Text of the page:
As Nike has grown, it has dominated track and field with the fervor of a team trying to run up the score: Don’t just win, crush the competition to send the message that elite athletes who win do so while wearing Nike.
Several visible changes have prompted athletes to question whether that is changing.
Athletes aren’t getting the same sponsorship deals.
Nike has long tried to gobble any track and field athlete who had even an outside shot at competing on the world stage. While other running brands, for example, sponsor a handful of distance runners or perhaps a group of them, Nike sponsors dozens of runners who run middle and long distances in three groups, as well as sprinters, field athletes and distance runners who are not part of one of the groups.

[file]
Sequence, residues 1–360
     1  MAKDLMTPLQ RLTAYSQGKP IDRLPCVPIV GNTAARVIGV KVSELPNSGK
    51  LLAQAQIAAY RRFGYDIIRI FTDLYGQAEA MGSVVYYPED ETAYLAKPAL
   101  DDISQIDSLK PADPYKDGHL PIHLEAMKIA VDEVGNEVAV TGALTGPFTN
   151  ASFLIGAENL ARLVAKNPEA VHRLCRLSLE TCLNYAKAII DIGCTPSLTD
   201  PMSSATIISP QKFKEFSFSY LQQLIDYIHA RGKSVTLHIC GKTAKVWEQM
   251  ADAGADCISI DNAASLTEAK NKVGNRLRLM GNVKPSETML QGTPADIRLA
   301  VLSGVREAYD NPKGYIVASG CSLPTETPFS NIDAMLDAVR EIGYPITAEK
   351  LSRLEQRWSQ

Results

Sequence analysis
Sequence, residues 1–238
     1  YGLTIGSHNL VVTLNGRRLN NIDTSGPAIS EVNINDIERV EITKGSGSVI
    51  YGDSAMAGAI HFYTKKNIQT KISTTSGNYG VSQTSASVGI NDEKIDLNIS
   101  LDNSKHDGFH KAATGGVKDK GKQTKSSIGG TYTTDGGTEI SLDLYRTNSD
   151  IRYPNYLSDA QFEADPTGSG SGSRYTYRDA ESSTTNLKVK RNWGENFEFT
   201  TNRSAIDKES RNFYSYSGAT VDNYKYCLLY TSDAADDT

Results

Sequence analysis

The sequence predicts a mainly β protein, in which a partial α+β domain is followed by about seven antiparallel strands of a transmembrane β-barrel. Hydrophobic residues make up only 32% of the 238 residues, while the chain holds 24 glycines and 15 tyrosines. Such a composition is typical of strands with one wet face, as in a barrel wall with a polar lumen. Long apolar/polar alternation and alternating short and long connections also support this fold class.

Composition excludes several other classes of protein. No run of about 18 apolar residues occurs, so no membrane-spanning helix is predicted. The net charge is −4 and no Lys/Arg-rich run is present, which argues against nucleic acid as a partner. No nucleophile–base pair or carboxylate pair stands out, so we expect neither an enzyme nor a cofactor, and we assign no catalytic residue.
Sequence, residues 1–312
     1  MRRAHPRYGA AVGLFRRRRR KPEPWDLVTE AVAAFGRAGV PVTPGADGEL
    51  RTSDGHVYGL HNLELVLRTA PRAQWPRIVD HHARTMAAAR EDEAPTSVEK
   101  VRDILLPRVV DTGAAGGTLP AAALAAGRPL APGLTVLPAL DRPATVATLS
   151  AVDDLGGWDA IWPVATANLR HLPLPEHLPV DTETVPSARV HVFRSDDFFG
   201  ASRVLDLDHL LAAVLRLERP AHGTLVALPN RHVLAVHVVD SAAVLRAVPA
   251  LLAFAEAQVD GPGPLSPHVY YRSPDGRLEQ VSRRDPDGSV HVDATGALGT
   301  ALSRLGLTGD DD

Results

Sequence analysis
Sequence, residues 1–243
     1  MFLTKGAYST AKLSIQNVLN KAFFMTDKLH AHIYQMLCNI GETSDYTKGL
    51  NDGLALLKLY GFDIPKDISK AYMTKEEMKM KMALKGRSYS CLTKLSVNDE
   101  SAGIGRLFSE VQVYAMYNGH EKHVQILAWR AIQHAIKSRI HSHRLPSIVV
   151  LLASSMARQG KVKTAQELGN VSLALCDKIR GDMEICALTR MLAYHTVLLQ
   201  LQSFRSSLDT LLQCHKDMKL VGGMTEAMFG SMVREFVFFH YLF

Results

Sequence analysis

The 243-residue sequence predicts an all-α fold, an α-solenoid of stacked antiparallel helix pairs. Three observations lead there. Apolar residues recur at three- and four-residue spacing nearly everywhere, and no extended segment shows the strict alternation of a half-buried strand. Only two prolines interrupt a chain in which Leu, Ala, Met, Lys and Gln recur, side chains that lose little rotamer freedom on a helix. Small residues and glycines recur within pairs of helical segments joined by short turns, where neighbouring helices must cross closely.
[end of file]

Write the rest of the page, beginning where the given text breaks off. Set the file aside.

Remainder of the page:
“Nike’s heritage is in track and field, and I think that was always a deep-down desire, they had to win, whether with U.S.A.T.F., the Pre Classic or Team USA,” said Michael Bergmann, a longtime Nike executive who now runs the Portland Track club.
Going into 2021, however, some competitive runners have been unusually critical of the company after their contracts were allowed to expire.
Tianna Bartoletta, who has won three Olympic gold medals in the long jump and sprint relays, is one of them. As she worked to regain fitness in 2020 after surgery on a benign tumor on her uterus, she had little contact with Nike, and one of her quarterly payments even failed to appear in her bank account.
“During that time I got a new manager and he called Nike, and Nike said, ‘Oh, it is because she did not compete at the Olympic Games in 2020,’” Bartoletta recalled. “At that point I let out the most maniacal laugh, the laugh was like a delirious laugh.”